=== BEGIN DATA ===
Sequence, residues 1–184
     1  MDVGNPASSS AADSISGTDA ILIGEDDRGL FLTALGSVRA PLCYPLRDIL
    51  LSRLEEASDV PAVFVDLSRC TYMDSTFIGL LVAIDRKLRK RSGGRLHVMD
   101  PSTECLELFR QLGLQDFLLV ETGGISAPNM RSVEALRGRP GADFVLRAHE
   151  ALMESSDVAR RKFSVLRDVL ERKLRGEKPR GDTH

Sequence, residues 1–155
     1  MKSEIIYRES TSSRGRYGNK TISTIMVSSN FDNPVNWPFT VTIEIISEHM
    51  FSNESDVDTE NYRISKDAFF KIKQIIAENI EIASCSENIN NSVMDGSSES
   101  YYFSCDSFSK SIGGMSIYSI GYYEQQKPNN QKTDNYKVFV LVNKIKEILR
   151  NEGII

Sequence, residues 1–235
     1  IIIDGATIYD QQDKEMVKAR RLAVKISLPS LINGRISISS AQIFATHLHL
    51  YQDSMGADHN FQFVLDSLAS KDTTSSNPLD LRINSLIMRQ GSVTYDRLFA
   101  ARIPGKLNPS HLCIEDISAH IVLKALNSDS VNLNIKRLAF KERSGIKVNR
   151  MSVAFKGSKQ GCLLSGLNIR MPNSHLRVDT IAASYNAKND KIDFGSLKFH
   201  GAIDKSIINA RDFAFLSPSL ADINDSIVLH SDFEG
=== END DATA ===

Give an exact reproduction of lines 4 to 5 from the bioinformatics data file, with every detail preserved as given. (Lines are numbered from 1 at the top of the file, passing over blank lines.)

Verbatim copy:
   101  PSTECLELFR QLGLQDFLLV ETGGISAPNM RSVEALRGRP GADFVLRAHE
   151  ALMESSDVAR RKFSVLRDVL ERKLRGEKPR GDTH